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Wednesday, 12 June, 2002, 21:53 GMT 22:53 UK
Cubans march in favour of socialism
Socialism marchers in Havana
The Havana demonstration snaked along the seafront
Defying US pressure for democratic reforms, President Fidel Castro has led hundreds of thousands of Cubans onto the streets to back a constitutional amendment setting in stone his country's socialist system.

Surrounded by security men and other top communist leaders Mr Castro led the way along the Havana seafront and past the US diplomatic mission.


Come on, comrades! Everyone will participate in the great march against the lies of Mr W

Cuban protester
The BBC's correspondent in Havana, Daniel Schweimler, says the protest is the latest incident in an increasingly bitter attack against Washington's policy towards Cuba.

The move comes a month after dissidents on the island presented a petition, known as the Varela Project, to the National Assembly calling for greater civil liberties.

On a visit to Havana in May the former US president, Jimmy Carter highlighted the petition, which most Cubans had never heard of, and added his voice to the call for greater freedom.

No policy change

US President George Bush, speaking to Cuban Americans in Miami shortly afterwards, then reiterated his demand for greater democracy before Washington would consider easing its 40-year trade embargo and travel ban to the island.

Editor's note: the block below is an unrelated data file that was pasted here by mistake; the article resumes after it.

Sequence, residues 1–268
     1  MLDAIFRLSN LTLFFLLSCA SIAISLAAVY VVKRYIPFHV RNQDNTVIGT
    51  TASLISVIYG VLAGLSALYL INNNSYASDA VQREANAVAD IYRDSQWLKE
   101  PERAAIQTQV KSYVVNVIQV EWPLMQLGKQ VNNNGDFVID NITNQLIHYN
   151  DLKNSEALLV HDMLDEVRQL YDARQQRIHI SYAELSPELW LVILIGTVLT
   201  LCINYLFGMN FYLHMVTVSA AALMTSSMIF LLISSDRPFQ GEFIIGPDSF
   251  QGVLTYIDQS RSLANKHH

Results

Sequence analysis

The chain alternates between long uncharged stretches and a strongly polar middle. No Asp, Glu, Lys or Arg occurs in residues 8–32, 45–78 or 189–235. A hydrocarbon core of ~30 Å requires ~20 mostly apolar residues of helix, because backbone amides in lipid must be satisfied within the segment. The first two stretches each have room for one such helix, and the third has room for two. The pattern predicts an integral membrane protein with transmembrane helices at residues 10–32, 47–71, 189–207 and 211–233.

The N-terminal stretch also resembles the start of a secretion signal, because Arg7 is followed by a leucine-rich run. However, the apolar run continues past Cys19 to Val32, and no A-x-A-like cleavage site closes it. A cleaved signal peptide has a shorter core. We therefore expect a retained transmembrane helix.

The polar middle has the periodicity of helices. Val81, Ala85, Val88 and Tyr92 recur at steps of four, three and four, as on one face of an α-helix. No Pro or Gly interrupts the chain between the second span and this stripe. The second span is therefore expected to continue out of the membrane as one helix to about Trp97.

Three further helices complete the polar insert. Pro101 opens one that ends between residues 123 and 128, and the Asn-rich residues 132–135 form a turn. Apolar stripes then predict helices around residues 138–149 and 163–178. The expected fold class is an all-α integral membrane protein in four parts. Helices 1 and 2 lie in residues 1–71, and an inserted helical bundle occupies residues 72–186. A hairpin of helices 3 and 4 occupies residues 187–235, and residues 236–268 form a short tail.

Our correspondent says the huge rally is Mr Castro's response to that pressure, basically saying that there will be no change because the Cuban people do not want change.

Castro stands to attention during Wednesday's demonstration
Castro hopes to show that Cubans do not want change

He led a million or so flag-waving marchers along the Havana seafront, whilst schools and work places were closed for the day to enable more to gather in provincial capitals and towns across the country.

He called the rally earlier in the week to back a constitutional amendment that would declare Cuba's socialist system to be "untouchable", a state of workers, organised with all, and for the good of all.

Wearing his traditional olive green uniform and cap Mr Castro waved a small Cuban flag himself as the massive crowd marched towards the US mission.

"Come on, comrades! Everyone will participate in the great march against the lies of Mr W!" one man shouted into a megaphone, a reference to the US president.

Dissidents dismissed

Observers say the mobilisation was also in response to the proposed referendum, known as the Varela Project.

Marchers along Havana seafront
Schools and work places were closed to ensure a big turnout
Organisers submitted more than 11,000 signatures to Cuba's National Assembly on 10 May, demanding a referendum on civil liberties.

Our correspondent says the tone of Mr Castro's attacks against Washington has increased in bitterness - with him comparing some aspects of the US policy towards Cuba to those in Nazi Germany.

And that although some of his fellow Cubans join his protests with enthusiasm, others are pressured by the authorities into attending to present a united front against increasing demands for change.

 WATCH/LISTEN
 ON THIS STORY
The BBC's Daniel Schweimler
"All those involved in the conflict are cautious about the possibility of change"
Robert Hunter, Former presidential advisor
"Cuba... is a domestic political question"

Talking PointTALKING POINT
Cold thaw
Is it time to lift the embargo against Cuba?
See also:

13 May 02 | Americas
15 May 02 | Americas
09 May 02 | Americas
24 May 01 | Americas
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